Wednesday, October 26, 2016

Weights and Mirrors

In two previous posts, I’ve tried to distinguish between: (1) historical narrative in scripture, and (2) the commands of God — basically, between description and prescription.

Why? Well, because people frequently crack open “holy books” in search of answers to questions that are very personal, and reading historical narrative as if it is God’s direction for your life can lead to considerable confusion — like the atheist who thinks the Bible says ritual castration will get you into heaven. I suspect the Lord would prefer that we not experience that sort of muddled thinking. My advice is to read commands as commands, and history as history.

But let me play devil’s advocate for a moment and point out a fly in my own ointment, if you will.

Playing Devil’s Advocate

I have suggested that while we can learn important lessons from what people did in the historical passages of scripture (and indeed, this is why they were given to us), in the absence of explicit editorial comments from the Lord Jesus or the writers of the New Testament, we are unwise to assume the lessons we have deduced from that history are in any way authoritative.

Fine so far. But we must acknowledge the fact that on at least one occasion, the Lord Jesus cited the actions of an Old Testament saint as authoritative. Here it is not simply that he made a prescriptive pronouncement based on a historical narrative — something that happens all the time in scripture — but that he seems to have expected the Pharisees to have done the same.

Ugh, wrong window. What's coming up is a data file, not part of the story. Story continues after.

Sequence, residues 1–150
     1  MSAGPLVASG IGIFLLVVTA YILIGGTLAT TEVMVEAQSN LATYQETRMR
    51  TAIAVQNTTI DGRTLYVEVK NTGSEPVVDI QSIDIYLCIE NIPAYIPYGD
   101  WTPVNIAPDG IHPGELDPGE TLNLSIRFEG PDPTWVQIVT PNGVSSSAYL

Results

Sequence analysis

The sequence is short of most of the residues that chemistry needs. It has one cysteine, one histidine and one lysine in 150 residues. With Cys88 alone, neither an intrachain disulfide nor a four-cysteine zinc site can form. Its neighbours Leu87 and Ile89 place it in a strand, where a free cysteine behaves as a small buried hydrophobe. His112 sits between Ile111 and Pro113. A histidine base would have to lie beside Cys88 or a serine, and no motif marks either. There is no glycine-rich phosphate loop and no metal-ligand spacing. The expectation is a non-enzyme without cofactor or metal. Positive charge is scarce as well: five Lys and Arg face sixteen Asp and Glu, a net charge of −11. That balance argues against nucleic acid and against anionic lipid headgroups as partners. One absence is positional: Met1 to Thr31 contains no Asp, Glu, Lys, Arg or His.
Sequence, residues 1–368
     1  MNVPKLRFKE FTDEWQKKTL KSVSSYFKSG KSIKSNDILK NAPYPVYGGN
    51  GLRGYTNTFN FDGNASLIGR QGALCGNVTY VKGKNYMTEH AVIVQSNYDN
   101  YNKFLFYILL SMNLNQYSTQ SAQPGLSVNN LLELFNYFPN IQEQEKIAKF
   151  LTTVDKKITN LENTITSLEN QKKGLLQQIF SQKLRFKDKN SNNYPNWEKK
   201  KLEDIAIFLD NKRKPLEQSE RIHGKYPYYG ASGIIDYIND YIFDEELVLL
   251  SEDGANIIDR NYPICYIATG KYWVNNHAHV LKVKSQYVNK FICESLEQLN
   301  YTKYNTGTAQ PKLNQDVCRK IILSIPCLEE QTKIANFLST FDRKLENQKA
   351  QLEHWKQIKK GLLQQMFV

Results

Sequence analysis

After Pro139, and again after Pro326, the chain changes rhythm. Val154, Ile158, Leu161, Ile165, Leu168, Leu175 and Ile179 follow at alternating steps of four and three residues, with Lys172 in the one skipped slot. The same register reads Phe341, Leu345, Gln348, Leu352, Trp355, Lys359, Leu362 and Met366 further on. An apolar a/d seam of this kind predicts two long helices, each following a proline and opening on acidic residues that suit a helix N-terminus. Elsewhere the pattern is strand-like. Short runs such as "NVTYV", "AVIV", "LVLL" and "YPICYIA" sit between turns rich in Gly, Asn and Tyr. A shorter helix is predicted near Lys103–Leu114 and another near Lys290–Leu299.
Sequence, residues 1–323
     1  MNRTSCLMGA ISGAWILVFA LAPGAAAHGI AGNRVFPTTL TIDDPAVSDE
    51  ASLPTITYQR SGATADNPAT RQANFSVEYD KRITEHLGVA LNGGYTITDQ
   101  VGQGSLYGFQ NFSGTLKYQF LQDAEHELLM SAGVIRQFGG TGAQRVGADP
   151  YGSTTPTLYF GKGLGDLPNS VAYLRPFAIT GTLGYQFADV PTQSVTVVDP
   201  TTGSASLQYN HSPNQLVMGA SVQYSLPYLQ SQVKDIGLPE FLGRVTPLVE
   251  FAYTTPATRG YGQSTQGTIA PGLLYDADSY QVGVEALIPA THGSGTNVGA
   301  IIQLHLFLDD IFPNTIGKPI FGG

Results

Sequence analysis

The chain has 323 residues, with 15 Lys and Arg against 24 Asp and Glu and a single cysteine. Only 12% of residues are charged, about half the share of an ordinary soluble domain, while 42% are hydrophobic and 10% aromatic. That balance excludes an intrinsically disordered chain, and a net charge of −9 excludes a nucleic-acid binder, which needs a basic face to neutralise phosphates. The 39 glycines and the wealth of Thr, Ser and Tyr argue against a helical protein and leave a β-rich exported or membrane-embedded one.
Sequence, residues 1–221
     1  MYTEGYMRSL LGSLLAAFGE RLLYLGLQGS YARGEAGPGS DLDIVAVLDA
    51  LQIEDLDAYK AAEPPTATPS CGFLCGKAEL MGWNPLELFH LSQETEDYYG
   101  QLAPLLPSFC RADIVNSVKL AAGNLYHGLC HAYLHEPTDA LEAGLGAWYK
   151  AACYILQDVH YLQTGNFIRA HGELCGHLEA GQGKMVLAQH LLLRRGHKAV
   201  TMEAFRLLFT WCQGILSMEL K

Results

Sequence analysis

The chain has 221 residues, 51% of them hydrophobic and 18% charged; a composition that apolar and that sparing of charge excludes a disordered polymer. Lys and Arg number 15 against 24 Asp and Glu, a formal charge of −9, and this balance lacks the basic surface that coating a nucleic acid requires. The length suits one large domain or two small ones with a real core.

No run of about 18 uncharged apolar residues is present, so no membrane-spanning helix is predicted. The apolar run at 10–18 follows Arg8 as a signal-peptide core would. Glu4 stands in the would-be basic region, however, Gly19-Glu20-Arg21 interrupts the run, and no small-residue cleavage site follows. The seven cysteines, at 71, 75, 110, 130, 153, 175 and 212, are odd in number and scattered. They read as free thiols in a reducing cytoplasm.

David and the Bread of the Presence

See what you think:
“At that time Jesus went through the grainfields on the Sabbath. His disciples were hungry, and they began to pluck heads of grain and to eat. But when the Pharisees saw it, they said to him, ‘Look, your disciples are doing what is not lawful to do on the Sabbath.’ He said to them, ‘Have you not read what David did when he was hungry, and those who were with him: how he entered the house of God and ate the bread of the Presence, which it was not lawful for him to eat nor for those who were with him, but only for the priests? Or have you not read in the Law how on the Sabbath the priests in the temple profane the Sabbath and are guiltless? I tell you, something greater than the temple is here. And if you had known what this means, “I desire mercy, and not sacrifice,” you would not have condemned the guiltless. For the Son of Man is lord of the Sabbath.’ ”
Now, there’s a whole lot to this story about David that I won’t get into. And we take it as read that the Lord Jesus, being the Word of God made flesh, was fully entitled to take the words of God and use them any way he pleased. Who would understand them better?

The difficulty is more personal: Can you and I do the same sort of thing? Should we be expected to get moral direction for our own lives from what Old Testament characters did or didn’t do?

Heavy Burdens, Hard to Bear

The fly in the ointment is that the Lord seems to suggest that an honest reading of the Old Testament should have led the Pharisees to the same conclusion he confidently drew from David’s story: that those who violate the letter of the law in certain sorts of extremity and for godly reasons may not only be excused, but considered “guiltless” by God. He says, “Have you not read?” as if what he is telling the Pharisees should be obvious to them.

In the days of the Lord Jesus, what the Pharisees did with the prescriptive portions of the Old Testament — the Law of Moses — was absolutely horrendous. I can’t even imagine the sorts of legalistic weirdness they might have inferred from historical narratives. Speaking of the way the Pharisees handled the law, the Lord said, “They tie up heavy burdens, hard to bear, and lay them on people’s shoulders, but they themselves are not willing to move them with their finger.”